The majority of my very brief Olson chapter focuses on how passionately he loved Gloucester, and Dogtown's role in helping expand the Maximus poems."
In these days of cutbacks at the publishing houses, independent bookstores like ours rarely see book reps anymore. We get catalogs in the mail (or some, now, only online) and perhaps a phone call from a phone sales rep, but in many cases the catalog copy is the only source of advance information on a particular book, and many of us don't spend a lot of time pondering each title. When we see someone we respect being characterized as a "drug addled poet" that quickly colors our perception of the book and the author's point of view, and makes an ordering decision that much easier. Free Press should be reminded of this fact, and the importance of catalog copy should be emphasized.
We look forward to reading this book, and hope that others will read it also.
Thanks to Elyssa East for her prompt clarification.

6 Comments:

Blogger Gary Lawless said...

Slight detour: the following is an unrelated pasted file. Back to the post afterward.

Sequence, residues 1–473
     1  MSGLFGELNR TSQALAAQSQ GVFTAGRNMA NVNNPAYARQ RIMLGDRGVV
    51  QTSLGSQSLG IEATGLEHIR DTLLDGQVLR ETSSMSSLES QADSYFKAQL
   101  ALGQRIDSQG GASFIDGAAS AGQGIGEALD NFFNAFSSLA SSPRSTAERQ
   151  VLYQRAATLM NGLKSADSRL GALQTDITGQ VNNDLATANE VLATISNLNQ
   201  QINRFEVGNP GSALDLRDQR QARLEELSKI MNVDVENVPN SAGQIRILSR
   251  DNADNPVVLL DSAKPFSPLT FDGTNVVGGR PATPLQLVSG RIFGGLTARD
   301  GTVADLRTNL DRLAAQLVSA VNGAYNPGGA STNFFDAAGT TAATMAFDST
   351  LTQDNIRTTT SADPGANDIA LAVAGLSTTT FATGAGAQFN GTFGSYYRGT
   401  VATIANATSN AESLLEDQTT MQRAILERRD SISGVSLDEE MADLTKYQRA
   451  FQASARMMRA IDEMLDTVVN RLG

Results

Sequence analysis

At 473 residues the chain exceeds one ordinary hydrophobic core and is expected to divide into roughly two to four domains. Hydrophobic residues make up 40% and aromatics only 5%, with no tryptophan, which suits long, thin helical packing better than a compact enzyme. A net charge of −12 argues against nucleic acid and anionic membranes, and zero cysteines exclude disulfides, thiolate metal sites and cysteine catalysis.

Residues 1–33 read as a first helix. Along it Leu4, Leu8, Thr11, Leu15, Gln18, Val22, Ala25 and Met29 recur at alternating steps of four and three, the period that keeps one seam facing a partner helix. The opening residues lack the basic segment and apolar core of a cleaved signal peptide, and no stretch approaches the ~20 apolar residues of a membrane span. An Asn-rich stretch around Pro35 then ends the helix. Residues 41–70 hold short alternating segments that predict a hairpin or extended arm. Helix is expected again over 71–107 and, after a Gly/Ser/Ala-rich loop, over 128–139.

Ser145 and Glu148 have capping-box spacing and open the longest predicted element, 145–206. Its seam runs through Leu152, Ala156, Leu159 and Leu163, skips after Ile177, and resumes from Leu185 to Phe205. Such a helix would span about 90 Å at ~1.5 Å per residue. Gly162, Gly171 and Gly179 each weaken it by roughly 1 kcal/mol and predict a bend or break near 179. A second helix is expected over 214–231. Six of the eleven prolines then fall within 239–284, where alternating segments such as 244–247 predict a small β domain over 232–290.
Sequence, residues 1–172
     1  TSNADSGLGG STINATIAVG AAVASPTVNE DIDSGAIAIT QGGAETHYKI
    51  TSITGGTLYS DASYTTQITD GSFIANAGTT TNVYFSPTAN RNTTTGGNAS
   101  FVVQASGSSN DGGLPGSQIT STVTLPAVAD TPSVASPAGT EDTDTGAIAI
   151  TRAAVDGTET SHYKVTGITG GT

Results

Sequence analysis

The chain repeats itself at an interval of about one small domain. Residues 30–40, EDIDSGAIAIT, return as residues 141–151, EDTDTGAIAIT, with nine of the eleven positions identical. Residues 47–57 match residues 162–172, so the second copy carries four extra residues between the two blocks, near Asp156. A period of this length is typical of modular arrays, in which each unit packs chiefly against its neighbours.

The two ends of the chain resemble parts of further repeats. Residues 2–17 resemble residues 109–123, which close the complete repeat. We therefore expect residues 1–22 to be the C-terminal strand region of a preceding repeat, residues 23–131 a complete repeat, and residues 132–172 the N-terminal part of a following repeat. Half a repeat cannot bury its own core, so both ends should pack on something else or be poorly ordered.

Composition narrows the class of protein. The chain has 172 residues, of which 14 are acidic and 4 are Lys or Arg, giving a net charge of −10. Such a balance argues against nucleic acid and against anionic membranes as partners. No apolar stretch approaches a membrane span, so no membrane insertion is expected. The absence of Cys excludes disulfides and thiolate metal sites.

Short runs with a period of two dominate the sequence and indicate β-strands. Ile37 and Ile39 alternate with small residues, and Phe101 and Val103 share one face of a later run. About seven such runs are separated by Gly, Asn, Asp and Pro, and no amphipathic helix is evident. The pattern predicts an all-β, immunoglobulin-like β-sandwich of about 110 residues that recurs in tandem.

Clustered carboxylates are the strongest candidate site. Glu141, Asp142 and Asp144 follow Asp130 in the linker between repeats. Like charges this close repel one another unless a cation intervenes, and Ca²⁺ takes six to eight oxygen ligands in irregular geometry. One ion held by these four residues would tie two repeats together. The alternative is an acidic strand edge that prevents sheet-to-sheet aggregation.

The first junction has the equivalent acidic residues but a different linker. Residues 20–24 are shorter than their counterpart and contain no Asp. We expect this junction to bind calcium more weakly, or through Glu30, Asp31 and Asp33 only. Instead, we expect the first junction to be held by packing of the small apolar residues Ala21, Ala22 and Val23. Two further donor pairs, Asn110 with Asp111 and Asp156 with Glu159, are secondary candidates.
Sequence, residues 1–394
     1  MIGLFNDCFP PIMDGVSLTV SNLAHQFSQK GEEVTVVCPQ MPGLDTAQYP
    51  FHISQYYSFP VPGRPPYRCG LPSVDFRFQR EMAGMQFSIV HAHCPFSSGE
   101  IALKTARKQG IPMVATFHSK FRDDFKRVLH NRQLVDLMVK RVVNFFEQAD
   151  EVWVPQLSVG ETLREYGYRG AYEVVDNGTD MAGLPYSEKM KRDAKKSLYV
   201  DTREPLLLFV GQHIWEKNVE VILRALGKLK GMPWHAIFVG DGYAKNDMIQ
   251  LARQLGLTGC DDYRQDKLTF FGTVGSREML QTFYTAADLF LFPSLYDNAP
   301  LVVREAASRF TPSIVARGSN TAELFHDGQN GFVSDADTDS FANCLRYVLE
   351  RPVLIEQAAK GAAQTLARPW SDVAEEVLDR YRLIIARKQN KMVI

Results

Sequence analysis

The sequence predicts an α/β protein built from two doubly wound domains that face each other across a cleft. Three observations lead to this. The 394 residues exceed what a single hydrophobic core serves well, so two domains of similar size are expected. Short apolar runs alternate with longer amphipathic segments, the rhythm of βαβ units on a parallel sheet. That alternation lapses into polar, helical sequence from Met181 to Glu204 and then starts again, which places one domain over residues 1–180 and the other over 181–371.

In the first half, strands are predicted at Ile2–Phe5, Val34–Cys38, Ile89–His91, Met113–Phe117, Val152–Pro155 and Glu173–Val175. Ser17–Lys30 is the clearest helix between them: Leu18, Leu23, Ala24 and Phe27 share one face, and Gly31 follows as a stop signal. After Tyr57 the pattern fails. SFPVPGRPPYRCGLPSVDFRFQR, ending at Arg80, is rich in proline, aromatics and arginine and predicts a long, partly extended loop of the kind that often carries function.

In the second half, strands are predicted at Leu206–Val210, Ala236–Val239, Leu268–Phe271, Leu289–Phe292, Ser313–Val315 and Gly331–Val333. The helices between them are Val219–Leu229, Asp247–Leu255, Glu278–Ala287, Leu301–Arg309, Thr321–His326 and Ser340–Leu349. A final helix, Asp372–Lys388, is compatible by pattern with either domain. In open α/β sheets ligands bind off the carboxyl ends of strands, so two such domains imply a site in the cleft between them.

js, in response, writes: "Are you sure it isn't just a stupid blurb writer making the mistake, rather than the author? I suspect the writer of that blurb is about 22 years old, mistaking Charles Olson for someone else."

7:15 AM  
Blogger Elyssa said...

I am the author of the forthcoming book that you reference above, Dogtown: Death and Enchantment in an Island Ghost Town. Thank you for your interest and mention of this title. I can assure you that the description of Charles Olson that you read in the catalogue copy was an oversight and is not at all how Olson is characterized in my book, which I have been researching and working on for almost ten years.